After opening their eyes, people in the group need to get back into the circle without letting go. If the chain is broken, start over until you succeed. This isn’t only a problem-solving activity because people need to work together to achieve a common goal, so proper communication becomes crucial.
One more leadership development training activity that builds trust is this simple game. Two people sit on the floor facing one another. They should hold hands while the soles of their feet are laced together. The task is to stand up at the same time. This seems pretty easy, but when you try it a few times, you’ll notice that only the people who collaborate can achieve this task.
30 Seconds left
This is somewhat a contemplation and not an ordinary thought experiment. Give your team members time to think about the best moment of their lives. Everyone needs to narrow their experience to the “best 30 seconds” and share it with the group.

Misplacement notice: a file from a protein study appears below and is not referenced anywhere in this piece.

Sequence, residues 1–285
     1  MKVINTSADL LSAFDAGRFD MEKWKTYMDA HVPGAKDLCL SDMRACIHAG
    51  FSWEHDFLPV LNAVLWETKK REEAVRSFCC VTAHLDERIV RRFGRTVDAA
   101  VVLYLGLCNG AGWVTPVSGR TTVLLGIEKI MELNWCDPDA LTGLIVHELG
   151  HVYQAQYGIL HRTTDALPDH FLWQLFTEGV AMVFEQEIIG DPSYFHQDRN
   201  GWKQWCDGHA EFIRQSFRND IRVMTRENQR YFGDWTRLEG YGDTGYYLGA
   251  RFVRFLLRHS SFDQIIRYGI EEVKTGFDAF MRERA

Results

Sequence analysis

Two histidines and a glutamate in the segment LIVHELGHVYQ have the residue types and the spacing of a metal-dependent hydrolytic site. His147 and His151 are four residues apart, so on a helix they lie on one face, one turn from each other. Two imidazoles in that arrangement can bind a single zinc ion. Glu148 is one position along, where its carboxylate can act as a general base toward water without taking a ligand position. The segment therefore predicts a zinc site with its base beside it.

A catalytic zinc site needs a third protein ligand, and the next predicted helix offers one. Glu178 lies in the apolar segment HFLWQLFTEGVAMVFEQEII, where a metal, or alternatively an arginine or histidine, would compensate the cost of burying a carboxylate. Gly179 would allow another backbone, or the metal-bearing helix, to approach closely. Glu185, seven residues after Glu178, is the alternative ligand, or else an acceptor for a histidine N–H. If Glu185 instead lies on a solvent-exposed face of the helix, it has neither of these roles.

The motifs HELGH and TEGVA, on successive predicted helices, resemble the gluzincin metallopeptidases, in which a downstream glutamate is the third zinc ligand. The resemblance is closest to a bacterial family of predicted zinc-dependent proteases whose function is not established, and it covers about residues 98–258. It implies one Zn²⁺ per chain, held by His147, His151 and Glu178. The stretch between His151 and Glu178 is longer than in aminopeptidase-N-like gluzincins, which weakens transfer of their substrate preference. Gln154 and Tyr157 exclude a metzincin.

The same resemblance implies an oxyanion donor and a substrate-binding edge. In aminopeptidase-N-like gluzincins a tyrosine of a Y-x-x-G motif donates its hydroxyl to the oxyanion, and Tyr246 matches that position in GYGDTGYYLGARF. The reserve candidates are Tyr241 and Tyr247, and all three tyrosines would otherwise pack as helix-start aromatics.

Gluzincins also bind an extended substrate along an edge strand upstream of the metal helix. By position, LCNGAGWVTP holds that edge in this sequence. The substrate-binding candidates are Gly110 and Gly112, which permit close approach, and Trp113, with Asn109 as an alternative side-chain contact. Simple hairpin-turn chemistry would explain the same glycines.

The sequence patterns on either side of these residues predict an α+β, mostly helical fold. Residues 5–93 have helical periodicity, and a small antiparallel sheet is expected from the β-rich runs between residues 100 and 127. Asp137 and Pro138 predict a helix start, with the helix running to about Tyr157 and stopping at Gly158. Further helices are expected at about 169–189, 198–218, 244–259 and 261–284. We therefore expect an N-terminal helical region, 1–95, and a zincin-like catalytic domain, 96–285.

You could change this a bit by asking “What would you do if you have only 30 seconds left in this life?” This team-building activity enables your employees to understand each other better. Not only they’ll bond but choosing the most important bits of your life will enhance their creative thinking skills.
FREQUENTLY ASKED QUESTIONS
How do you conduct a leadership workshop?
First, you need to choose a location and pick the participants. Prepare some activities and set the date. At the start of the workshop, you could give a Powerpoint presentation on the importance of team-building and leadership development activities. After that, engage in activities you planned out. Make sure to give the participants a chance for active feedback on these activities.